Since the 1960s the term luddite has meant someone who refused or feared to use new technology.

200 years ago Luddites were an organised group of textile workers who, rather than fearing new technology because it was unfamiliar, worried that their wages would be diminished as mechanised looms replaced hand looms.

Between 1812 and 1817 the Luddites destroyed mill machinery – their main target was the stocking frame, a knitting machine. Many of the Luddites were imprisoned or transported to Australia. The Destruction of Stocking Frames Act 1812 meant that judges could bring the death penalty for the destruction of machinery, which they did from 1812-13, and again in 1817.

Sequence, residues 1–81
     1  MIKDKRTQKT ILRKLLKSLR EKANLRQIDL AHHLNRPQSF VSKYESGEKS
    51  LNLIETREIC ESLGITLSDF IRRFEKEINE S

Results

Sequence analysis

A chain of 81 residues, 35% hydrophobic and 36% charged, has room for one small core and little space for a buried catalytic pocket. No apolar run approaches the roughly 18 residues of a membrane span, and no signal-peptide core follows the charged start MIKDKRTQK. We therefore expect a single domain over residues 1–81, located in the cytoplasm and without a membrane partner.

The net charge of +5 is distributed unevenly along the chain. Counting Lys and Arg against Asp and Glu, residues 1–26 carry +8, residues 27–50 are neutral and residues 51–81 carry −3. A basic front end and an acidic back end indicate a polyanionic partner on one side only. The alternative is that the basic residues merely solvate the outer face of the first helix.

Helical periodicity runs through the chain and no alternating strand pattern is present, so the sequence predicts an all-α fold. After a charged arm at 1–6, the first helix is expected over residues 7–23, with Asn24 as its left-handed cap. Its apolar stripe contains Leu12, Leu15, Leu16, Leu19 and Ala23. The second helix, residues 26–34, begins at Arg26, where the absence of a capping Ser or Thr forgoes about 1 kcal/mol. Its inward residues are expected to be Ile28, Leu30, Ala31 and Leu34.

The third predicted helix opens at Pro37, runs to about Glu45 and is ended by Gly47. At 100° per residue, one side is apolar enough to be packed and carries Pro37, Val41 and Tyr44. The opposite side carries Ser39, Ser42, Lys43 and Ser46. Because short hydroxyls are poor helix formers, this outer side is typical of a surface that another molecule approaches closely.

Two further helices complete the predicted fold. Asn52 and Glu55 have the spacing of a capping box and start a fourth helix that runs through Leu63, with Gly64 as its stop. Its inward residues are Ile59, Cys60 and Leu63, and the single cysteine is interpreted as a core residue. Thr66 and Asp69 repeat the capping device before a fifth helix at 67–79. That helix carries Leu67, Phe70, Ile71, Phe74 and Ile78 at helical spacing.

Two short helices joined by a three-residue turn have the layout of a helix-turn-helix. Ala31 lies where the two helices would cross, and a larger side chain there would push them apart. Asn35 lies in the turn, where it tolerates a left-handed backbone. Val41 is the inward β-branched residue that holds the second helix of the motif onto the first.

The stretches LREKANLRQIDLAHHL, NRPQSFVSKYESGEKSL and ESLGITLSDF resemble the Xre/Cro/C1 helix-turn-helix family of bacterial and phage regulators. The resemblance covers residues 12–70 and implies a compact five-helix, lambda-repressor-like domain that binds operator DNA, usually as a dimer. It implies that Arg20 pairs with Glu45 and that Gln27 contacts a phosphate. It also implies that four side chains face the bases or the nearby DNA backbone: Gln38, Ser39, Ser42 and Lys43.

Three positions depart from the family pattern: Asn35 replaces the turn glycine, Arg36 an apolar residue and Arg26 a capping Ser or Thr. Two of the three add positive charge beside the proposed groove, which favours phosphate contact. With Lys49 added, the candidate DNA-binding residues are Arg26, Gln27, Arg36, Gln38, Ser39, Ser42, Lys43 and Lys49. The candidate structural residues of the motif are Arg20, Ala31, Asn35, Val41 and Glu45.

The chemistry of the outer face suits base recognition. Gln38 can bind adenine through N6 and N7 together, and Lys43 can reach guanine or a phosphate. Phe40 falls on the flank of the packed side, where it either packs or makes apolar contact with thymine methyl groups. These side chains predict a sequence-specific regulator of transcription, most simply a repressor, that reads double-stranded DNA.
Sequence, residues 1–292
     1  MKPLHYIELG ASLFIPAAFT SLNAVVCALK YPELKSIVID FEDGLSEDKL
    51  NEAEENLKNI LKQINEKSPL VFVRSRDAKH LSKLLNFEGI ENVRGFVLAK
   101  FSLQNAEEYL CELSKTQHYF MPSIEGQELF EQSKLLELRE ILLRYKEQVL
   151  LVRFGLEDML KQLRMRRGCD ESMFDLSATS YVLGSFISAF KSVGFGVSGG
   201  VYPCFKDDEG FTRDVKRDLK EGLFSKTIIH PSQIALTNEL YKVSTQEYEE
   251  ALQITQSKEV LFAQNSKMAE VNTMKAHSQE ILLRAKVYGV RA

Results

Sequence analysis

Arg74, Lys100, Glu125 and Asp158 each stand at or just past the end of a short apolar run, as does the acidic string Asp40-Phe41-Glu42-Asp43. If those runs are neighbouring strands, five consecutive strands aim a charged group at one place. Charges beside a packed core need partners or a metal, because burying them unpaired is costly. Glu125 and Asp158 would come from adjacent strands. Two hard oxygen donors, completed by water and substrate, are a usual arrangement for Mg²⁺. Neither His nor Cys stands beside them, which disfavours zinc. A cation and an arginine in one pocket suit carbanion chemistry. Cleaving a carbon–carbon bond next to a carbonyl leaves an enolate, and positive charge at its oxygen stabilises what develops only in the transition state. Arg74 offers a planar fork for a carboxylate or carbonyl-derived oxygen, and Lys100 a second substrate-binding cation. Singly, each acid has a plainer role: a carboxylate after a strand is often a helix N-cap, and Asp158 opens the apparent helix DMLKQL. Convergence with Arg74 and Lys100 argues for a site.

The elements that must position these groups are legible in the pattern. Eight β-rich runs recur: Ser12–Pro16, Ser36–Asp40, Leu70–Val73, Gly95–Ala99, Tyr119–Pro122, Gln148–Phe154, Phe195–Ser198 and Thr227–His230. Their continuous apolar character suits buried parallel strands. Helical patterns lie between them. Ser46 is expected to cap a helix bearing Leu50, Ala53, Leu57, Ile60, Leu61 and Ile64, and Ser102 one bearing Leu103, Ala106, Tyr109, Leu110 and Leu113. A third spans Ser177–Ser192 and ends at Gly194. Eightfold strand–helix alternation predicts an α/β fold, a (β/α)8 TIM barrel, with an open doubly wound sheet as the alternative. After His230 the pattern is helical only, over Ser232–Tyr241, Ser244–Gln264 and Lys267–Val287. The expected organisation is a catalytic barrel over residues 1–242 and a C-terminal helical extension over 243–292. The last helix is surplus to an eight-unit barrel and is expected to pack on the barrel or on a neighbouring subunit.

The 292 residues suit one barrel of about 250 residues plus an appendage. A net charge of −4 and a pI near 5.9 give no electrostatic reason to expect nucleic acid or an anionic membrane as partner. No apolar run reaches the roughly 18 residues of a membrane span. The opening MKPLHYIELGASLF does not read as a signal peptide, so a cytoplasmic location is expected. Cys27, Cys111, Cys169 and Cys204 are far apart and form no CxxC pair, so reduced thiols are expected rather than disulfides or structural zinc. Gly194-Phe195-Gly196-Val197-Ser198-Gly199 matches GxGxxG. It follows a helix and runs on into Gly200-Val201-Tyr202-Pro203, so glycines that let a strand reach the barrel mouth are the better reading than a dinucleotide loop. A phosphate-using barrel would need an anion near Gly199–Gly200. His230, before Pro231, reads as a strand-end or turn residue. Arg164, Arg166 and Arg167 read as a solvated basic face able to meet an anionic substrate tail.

The Luddites took their name from King Ludd, a character inspired by the tale of a man named Ned Ludd, a textile worker who in 1779 was believed to have broken two stocking frames.

Lord Byron, who sympathised with the movement and argued vehemently in parliament against Acts allowing capital punishment for the breaking of machinery, wrote this poem about the Luddites.